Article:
As finals approach and students start to hunker down in front of glowing computer screens, coffee sales are going up on campus.
“Coffee sales go up about 40 to 50 percent during exam week,” said Van Sullivan, the assistant retail dining manager at the University of Massachusetts.
The hot spot for coffee sales at the University is the library’s newly renovated Procrastination Station, where sales went up dramatically over the past week, according to Sullivan.
“Monday of this week, there were more than 2,200 (customers) at the library, that’s more than Blue Wall … I’d like to say that we could do 2,500 to 3,000 a day next week,” Sullivan said, who has hired seasonal staff to meet the demand.
The old café averaged roughly 800 to 1,000 customers, according to Sullivan. He noted that the renovations boosted that number to 1,500. Coffee is available at other locations on campus such as the Blue Wall and at the dining commons.
The stress of finals weeks can bring even non-coffee drinkers to the dark side in an effort to stay awake just a little longer.
Emma Lagreze, a communications and marketing major, said that she usually doesn’t drink coffee, but during finals week she makes an exception.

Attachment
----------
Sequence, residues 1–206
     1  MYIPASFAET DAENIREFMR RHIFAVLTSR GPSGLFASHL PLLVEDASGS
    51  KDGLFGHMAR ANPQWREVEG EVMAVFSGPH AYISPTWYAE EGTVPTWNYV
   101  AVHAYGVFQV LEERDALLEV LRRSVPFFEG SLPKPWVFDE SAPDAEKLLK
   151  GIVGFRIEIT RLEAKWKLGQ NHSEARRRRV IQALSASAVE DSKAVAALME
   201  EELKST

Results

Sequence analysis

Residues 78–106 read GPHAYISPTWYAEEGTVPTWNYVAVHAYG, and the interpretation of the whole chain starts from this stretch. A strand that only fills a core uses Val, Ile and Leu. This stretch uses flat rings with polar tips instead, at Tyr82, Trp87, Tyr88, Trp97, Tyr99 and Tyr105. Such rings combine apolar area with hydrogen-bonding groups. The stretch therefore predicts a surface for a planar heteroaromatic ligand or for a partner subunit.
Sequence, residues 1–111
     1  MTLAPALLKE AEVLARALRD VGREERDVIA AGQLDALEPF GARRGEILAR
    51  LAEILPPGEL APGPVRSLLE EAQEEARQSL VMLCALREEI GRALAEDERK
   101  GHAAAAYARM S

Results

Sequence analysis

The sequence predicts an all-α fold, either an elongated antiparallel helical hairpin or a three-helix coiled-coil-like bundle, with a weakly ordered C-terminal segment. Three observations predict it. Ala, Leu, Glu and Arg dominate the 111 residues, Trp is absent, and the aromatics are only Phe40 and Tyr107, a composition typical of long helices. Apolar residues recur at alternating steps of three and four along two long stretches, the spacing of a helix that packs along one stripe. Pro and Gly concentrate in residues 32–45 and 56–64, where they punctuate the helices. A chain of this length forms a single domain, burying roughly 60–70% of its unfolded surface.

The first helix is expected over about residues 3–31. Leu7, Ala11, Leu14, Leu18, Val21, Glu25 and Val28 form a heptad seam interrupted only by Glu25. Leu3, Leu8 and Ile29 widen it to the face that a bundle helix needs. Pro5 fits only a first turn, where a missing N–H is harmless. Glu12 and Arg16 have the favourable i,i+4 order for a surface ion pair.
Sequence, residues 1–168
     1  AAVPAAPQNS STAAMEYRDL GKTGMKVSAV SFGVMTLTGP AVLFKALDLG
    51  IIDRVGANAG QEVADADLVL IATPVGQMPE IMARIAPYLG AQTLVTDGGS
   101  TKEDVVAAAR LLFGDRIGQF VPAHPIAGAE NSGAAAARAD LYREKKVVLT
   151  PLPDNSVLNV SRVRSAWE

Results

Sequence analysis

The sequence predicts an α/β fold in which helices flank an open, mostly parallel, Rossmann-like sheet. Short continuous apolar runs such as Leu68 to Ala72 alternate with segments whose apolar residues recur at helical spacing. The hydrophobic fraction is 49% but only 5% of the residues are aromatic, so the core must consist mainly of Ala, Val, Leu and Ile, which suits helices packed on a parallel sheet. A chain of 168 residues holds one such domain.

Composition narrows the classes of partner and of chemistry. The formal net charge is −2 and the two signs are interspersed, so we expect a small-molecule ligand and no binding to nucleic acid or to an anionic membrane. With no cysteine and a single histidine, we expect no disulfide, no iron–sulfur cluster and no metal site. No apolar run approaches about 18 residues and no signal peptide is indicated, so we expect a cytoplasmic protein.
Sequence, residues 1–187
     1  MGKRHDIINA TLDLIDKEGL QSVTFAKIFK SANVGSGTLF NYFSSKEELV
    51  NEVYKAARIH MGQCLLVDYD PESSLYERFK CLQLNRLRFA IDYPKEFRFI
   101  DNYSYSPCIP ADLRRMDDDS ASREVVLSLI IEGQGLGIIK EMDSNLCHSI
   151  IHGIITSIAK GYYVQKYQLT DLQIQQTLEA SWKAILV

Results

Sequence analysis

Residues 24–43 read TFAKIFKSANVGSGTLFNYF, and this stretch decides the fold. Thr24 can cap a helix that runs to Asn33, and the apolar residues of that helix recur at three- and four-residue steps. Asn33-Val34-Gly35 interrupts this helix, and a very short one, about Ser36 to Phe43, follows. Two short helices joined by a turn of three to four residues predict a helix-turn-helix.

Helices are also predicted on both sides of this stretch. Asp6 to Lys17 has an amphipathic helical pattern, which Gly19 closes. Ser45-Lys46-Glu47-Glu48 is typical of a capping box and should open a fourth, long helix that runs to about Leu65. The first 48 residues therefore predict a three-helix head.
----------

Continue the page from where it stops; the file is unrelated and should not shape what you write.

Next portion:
“Definitely during finals,” she said. “Probably two cups a day, but normally I don’t drink any.”
Biology major Kamille Sobolewski has a similar relationship with coffee.
“I don’t usually (drink coffee),” Soboleweski said. “I just (it) do because it helps me focus.”
According to a study done by the Behavioral Biology Research Center at Johns Hopkins University School of Medicine in 2003, when used in moderation coffee can produce the effects desired by students like Sobolewski and Lagreze. The study showed that caffeinated beverages can make the drinker experience “increased well-being, happiness, energetic arousal, alertness and sociability.”
However, when used excessively, even in the short-term, the study showed that caffeinated beverages can produce negative effects such as “anxiety, nervousness, jitteriness and upset stomach.”
In addition, the study showed that if an individual forms a dependence, caffeine consumption can induce anxiety and panic attacks, disrupt sleep cycles and cause various withdrawal systems including headaches, fatigue, drowsiness, decreased motivation, irritability and depression.
The increase in sales appears to be an on-campus phenomenon. Christiana McDougal, an employee at Amherst Coffee, said that she did not see in an increase in the number of people frequenting the shop during finals.
“I think it’s more that there’s not people coming in and out, but staying for longer periods of time,” McDougal said.
Amherst Coffee doesn’t hire more people or do anything to prepare for the finals induced caffeine craze, but they do notice a difference in their customers.
There “is more of an awareness,” McDougal said. “You can sense the tension a lot.”